Hiding Butt Joints
To hide “butt joints” (where two non-tapered ends of drywall meet), you have to build up a hump of joint compound that’s very thin and wide. This is time-consuming and difficult to do well. So if you’re a novice drywall finisher, avoiding butt joints is smart.
The best way to avoid butt joints is to use sheets of drywall that are long enough to cover entire walls and ceilings. As a result, you’ll have only tapered joints to finish. Drywall sheets are commonly available in 8- and 12-ft. lengths. Often, specialty suppliers carry 14-ft. sheets.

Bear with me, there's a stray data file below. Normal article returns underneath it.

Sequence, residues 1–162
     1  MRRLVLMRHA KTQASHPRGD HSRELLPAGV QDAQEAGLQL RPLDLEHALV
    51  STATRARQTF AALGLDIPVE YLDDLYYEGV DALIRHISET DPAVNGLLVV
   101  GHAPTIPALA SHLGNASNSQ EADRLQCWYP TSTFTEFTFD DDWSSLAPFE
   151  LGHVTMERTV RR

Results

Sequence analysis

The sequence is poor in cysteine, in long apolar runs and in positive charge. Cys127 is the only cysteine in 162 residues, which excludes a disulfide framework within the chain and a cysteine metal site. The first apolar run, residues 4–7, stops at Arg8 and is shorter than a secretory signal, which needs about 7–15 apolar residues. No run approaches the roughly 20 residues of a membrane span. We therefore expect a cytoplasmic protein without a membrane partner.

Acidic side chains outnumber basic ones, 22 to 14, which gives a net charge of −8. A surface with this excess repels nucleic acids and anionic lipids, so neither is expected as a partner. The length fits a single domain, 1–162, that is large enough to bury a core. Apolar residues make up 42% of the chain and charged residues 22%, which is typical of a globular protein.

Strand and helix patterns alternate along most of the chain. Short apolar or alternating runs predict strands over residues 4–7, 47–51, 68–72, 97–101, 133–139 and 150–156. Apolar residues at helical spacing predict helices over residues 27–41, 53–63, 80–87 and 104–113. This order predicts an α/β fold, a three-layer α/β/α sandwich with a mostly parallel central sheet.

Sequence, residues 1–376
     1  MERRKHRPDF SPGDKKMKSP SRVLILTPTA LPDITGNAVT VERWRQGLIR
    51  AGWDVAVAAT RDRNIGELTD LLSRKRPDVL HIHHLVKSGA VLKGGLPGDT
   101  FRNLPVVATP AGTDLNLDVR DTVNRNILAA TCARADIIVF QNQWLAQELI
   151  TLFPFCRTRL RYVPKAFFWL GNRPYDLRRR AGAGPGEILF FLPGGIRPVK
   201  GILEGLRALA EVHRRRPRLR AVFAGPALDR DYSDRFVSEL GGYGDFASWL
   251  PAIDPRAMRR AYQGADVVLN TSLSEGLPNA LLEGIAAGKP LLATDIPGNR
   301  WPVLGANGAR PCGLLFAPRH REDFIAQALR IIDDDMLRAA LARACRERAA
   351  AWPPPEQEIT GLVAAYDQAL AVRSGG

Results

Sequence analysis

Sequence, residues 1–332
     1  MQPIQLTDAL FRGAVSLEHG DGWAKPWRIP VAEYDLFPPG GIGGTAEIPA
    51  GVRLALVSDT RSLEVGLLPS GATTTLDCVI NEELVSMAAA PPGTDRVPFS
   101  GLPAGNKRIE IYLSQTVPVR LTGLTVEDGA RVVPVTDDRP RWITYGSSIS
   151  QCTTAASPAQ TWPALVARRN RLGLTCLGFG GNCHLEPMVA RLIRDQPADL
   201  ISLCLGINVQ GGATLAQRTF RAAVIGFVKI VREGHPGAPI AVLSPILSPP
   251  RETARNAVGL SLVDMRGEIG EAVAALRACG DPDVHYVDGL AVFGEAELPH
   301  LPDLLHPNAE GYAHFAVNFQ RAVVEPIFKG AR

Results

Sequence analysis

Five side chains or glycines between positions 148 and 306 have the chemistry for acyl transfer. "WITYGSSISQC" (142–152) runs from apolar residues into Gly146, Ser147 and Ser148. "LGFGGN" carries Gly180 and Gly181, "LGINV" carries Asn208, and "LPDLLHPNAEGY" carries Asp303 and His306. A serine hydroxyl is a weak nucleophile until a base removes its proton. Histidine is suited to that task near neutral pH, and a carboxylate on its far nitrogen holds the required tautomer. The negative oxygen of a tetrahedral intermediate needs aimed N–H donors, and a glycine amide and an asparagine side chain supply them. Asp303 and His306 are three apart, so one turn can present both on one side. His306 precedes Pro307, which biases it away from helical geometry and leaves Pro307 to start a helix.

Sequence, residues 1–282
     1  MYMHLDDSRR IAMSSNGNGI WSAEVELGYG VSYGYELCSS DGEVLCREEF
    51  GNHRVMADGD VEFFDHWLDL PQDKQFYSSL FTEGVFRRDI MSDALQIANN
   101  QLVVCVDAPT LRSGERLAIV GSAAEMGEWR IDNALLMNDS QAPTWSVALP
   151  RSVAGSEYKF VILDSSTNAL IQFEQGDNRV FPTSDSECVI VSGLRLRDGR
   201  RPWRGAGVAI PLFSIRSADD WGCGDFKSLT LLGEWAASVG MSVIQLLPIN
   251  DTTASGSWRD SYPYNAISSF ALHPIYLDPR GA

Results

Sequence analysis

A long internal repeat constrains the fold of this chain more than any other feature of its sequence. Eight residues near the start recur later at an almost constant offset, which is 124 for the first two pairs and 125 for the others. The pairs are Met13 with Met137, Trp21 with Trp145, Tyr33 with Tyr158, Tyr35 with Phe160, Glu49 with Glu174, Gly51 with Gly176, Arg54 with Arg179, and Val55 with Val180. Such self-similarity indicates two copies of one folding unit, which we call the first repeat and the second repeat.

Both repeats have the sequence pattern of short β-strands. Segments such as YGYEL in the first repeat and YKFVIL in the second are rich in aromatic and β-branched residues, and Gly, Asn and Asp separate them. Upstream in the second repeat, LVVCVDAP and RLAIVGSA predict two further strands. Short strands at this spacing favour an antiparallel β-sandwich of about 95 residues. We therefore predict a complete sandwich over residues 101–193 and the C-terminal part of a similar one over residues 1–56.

If your ceiling is longer than 14-ft., you can’t avoid butt joints. But you can avoid butt joints on a wall that exceeds 14 ft. Simply hang the sheets vertically rather than horizontally. That way, you’ll have several tapered joints to cover, but no butt joints.
Hanging drywall vertically is slower than hanging it horizontally because you have to make sure the tapered edges fall at the centers of the studs. Cut the first sheet to width so the tapered edge lands on the center of a stud. After that, the edges of each sheet should fall perfectly on the studs. If you run into misplaced studs, nail 2x2s to them. If you have 9-ft. ceilings, call a drywall supplier to find 10-ft.-long sheets.